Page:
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New model to predict effectiveness of livestock vaccines
The study has implications for the design of vaccines and vaccination programmes in livestock.

Researchers use model to study effectiveness of PSSR vaccines 

A new model to predict the effectiveness of vaccines in livestock has been developed by scientists at The Roslin Institute.

Researchers found that, when applied appropriately, even imperfect vaccines can prevent, mitigate or eliminate the prevalence of disease.

Scientists say the study has implications for the design of vaccines and vaccination programmes in livestock. Professor Andrea Wilson from the Roslin Institute explains:

“Veterinary vaccines often only confer limited immunity and thus may not prevent infection. In this study, we developed a model that combines epidemiological consequences of different vaccination strategies and different vaccine properties applied to livestock. 

“The model is successful in predicting the effectiveness of vaccines in livestock.”

The overall aim of vaccination is to protect animals from disease and reduce the risk of disease outbreaks. The new model shows that combining diverse vaccine properties could have a multiplicative effect and may, therefore, be more effective. 

In the study, scientists used the model to study the effectiveness of vaccines to combat Porcine Reproductive and Respiratory Syndrome (PRRS) virus.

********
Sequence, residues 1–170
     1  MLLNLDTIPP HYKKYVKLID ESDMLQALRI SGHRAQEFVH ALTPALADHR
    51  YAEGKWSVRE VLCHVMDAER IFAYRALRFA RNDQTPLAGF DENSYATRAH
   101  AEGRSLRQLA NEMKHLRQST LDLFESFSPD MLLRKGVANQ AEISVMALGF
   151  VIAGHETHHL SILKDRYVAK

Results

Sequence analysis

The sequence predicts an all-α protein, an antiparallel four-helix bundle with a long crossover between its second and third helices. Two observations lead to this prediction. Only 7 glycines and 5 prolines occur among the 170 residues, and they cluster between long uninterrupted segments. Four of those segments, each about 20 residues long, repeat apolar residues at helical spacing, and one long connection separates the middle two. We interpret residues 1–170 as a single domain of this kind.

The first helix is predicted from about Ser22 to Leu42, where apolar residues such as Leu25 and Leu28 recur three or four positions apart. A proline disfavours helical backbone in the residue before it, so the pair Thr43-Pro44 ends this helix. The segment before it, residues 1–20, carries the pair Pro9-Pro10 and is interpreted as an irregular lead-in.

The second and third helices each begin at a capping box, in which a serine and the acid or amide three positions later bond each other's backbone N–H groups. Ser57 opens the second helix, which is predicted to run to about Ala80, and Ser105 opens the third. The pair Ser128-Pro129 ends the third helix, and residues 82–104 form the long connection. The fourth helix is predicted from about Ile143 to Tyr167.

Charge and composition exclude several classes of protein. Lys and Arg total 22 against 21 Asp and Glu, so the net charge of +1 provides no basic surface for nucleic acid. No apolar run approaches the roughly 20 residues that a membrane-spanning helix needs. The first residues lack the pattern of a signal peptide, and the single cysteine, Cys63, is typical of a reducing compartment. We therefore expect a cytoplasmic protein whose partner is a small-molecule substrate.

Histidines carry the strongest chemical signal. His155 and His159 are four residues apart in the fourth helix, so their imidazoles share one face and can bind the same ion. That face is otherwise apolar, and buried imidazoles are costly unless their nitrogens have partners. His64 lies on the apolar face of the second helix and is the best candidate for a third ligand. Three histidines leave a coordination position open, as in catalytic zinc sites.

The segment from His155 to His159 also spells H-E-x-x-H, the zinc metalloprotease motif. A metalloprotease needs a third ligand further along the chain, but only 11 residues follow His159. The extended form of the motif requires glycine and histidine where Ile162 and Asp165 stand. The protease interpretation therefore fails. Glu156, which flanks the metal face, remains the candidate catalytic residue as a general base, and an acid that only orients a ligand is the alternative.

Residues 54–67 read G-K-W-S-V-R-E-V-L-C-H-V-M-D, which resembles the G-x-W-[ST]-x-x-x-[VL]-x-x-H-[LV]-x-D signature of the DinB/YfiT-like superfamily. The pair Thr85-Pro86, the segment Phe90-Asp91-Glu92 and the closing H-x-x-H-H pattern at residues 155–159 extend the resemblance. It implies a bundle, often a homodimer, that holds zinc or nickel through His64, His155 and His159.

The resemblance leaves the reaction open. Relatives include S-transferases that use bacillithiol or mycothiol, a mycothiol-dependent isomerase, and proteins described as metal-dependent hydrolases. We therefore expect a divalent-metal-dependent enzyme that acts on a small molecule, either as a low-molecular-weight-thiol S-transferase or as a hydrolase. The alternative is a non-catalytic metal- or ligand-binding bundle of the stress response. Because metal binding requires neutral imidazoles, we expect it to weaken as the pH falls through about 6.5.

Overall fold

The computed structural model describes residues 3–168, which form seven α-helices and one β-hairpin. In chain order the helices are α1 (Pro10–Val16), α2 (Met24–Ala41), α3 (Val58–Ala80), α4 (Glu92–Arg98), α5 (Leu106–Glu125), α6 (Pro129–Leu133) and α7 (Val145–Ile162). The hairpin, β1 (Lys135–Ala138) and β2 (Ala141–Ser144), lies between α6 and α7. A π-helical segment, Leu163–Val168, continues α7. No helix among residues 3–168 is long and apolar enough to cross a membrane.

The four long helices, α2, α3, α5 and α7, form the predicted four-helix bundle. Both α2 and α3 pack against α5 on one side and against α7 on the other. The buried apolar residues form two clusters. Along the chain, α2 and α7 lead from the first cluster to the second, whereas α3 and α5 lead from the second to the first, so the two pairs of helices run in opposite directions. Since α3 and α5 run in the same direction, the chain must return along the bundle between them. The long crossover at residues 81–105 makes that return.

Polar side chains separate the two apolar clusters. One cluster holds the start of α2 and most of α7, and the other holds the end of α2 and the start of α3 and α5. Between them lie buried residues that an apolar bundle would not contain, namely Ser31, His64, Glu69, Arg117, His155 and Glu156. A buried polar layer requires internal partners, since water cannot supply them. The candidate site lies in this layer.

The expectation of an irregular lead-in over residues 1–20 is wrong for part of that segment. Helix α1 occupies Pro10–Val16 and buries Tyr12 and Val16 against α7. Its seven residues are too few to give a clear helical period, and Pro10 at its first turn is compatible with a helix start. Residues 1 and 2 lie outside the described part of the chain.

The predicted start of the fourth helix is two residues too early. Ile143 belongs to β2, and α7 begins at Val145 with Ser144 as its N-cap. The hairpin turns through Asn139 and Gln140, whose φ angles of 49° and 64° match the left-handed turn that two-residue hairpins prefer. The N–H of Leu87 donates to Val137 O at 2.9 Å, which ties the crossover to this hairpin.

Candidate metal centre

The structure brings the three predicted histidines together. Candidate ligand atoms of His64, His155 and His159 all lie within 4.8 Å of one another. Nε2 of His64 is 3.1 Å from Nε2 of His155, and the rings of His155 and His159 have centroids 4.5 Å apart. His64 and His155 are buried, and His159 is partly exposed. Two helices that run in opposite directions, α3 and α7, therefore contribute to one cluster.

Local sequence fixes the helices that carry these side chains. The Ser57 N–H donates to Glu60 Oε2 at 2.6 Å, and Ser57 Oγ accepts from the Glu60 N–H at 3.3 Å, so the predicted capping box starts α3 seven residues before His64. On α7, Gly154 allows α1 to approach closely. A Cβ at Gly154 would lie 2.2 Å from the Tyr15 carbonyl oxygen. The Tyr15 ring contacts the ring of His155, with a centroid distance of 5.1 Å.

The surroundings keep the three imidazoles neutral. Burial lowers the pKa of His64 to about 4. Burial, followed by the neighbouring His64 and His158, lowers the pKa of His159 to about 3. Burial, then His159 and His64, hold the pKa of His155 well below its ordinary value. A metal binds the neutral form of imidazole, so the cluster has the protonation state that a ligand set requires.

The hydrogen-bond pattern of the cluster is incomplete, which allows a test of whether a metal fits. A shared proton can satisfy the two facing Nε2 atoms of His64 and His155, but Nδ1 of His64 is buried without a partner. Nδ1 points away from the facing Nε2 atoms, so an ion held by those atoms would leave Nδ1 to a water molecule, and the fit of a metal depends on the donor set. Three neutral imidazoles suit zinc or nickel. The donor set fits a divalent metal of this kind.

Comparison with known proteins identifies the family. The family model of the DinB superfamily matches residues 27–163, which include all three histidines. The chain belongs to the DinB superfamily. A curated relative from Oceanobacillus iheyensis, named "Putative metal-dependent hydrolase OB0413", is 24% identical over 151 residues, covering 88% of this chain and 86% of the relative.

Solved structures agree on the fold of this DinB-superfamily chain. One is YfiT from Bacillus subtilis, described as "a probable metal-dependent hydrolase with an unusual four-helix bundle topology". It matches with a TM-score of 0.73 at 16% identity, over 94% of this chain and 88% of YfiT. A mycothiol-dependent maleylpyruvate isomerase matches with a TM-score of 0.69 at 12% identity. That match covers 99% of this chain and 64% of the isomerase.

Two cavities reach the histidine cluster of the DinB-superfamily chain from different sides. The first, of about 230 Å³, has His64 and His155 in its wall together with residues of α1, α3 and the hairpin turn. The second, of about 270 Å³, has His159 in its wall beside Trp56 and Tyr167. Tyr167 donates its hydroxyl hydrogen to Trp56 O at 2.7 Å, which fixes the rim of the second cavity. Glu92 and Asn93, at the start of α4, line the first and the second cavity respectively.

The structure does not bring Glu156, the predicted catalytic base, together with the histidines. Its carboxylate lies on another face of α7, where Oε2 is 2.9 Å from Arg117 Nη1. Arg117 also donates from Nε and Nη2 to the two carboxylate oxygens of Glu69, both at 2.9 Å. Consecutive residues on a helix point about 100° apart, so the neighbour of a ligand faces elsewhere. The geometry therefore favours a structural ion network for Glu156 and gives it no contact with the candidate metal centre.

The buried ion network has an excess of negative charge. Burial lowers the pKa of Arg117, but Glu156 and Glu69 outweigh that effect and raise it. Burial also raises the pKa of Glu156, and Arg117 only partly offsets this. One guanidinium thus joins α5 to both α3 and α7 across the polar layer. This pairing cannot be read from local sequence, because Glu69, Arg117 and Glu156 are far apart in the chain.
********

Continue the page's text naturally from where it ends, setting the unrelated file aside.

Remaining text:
Endemic in most pig-producing countries, PRRS causes breathing problems and can be fatal in young animals. However, vaccines to prevent the spread of the disease have mostly failed

Scientists believe the new model shows that the control or elimination of PSSR through vaccination may well be in reach, so long as the vaccine speeds up recovery and reduces virus replication.

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Celebrity chefs urge public to get baking to support Cats Protection fundraiser

News Story 1
 In support of Cats Protection's Pawsome Afternoon Tea fundraiser, Masterchef winner Tim Anderson and Great British Bake Off star Kim-Joy have shared biscuit recipes to help keen bakers raise money for needy cats across April.

The celebrity chefs are both cat owners and have said that they hope this fundraiser will help to raise awareness of cats in need and the importance of adopting a cat, rather than buying one.

This is the fourth year Cats Protection has run its Pawsome Afternoon Tea campaign, which encourages people to hold tea parties, bake sales and fundraising events to help raise money for the charity.

To view the recipes and other fundraising resources please visit the Cats Protection website. 

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BEVA offering free membership to vet students

The British Equine Veterinary Association (BEVA) is offering free membership to veterinary students. As part of a new initiative with the aim of encouraging more veterinary professionals into equine practice.

According to BEVA, less than one in ten veterinary students choose to work in equine practice. The association hopes that this initiative will provide insight into the field and the benefits of a career in equine medicine.

Benefits of membership include:
▪ access to a network of nearly 3,000 members
▪ special student rates to attend BEVA Congress
▪ online access to BEVA's Equine Veterinary Education (EVE) journal
▪ free access to the association's online learning platform
▪ free access to BEVA's practical veterinary apps
▪ exclusive discounts on a range of things from cinema tickets to grocery shopping.

BEVA will be releasing a series of short videos over the next few months from BEVA Council members, explaining what inspired them to work in equine practice.

Image (c) BEVA.